"In a report published today, the CPS says that the system, which has operated in the UK since 1979, has increased “moral hazard” in the banking industry by making lenders lax about their risk assessment and enabling them to access cheap funding from investors who believe that failing banks will be bailed out by the government.
Andreas Wesemann, author of the CPS report and a partner at Ashcombe Advisers, a corporate finance boutique, argues that insurance creates a “veil of ignorance” about what is really at risk. The idea that the FSCS, which can levy up to £1.5 billion annually from banks, “can fund uncapped losses at no cost to us or the economy as a whole . . . is an illusion”, he said.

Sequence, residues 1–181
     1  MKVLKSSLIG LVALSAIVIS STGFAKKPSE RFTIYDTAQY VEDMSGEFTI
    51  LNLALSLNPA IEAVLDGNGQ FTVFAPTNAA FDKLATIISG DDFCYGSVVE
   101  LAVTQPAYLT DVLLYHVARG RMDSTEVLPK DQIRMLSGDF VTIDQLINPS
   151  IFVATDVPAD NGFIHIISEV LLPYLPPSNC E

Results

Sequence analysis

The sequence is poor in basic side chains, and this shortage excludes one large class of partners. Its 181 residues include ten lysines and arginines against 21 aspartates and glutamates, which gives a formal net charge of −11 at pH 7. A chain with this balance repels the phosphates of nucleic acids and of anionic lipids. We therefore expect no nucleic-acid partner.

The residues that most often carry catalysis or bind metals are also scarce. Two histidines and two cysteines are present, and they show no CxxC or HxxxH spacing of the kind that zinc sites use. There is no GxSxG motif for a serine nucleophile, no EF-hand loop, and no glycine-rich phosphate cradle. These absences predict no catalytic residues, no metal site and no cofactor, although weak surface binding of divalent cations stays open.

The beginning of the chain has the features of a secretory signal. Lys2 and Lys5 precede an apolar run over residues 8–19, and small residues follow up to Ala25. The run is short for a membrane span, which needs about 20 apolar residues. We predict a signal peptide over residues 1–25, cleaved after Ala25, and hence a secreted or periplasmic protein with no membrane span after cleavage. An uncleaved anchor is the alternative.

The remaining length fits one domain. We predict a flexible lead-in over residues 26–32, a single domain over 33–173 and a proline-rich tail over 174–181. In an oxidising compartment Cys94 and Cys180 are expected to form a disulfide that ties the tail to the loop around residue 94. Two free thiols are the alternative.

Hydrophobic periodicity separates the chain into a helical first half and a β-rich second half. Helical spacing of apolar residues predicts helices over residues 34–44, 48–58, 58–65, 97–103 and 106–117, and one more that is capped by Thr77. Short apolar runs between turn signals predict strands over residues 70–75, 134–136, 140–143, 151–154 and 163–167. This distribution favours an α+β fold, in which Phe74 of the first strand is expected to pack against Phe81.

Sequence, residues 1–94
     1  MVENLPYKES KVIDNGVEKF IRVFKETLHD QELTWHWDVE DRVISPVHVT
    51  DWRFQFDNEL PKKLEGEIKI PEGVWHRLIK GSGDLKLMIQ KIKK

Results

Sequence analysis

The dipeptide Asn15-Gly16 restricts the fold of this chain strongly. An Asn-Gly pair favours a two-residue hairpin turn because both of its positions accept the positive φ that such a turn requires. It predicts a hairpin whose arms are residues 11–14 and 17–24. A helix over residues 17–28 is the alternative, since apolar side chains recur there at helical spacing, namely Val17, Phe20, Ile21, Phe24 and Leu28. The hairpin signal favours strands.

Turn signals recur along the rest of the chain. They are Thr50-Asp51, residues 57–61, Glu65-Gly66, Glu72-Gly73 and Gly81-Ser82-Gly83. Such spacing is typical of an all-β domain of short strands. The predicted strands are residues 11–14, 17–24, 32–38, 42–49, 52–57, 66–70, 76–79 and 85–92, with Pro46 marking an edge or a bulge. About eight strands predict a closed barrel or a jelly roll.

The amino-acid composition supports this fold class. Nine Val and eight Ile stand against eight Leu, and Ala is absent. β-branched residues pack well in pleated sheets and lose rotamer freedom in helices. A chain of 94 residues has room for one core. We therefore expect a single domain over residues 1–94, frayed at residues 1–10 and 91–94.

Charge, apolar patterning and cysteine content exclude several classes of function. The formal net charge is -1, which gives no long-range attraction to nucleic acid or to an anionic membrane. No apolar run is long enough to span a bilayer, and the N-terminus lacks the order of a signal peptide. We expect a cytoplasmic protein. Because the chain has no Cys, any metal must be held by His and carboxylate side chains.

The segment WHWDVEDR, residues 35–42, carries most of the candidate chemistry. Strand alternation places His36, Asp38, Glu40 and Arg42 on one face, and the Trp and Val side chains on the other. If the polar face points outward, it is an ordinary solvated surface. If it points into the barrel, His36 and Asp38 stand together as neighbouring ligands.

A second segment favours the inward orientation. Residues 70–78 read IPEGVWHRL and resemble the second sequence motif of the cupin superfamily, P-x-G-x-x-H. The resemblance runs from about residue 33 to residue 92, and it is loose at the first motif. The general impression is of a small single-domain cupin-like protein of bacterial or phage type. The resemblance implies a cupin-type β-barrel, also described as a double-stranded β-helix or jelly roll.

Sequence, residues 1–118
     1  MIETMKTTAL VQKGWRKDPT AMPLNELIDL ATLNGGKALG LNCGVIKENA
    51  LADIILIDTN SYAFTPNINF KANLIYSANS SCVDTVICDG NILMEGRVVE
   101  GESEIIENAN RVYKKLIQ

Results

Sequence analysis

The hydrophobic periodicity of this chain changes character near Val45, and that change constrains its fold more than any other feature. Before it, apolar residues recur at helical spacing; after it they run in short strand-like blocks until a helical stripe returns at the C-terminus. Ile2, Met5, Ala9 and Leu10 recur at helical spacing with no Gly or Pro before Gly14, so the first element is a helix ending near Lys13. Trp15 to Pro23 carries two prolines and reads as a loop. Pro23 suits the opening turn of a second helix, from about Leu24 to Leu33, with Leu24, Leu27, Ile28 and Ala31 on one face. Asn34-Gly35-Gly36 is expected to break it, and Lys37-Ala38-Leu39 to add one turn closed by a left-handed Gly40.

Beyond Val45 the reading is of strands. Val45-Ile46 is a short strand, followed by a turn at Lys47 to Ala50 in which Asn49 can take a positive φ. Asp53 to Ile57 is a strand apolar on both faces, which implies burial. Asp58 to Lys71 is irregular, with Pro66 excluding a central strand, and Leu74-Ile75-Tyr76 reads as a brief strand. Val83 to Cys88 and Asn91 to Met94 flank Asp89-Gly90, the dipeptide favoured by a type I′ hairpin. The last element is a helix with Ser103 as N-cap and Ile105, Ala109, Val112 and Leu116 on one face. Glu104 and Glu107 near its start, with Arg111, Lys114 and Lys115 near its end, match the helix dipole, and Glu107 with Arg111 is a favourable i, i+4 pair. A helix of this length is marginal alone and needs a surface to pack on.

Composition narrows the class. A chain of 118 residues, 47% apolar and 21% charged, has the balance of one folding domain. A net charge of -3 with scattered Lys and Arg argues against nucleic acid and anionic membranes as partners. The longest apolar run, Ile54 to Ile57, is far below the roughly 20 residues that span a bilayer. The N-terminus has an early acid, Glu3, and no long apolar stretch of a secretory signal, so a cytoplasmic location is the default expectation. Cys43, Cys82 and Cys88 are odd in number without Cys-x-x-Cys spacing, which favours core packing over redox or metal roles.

The government spent more than £20 billion nationalising or bailing out five banks in 2008, including Bradford & Bingley and Icesave. Virtually all this cost was funded by borrowings from the Bank of England and ultimately the Treasury, Mr Wesemann said."
To read the full article, visit The Times website.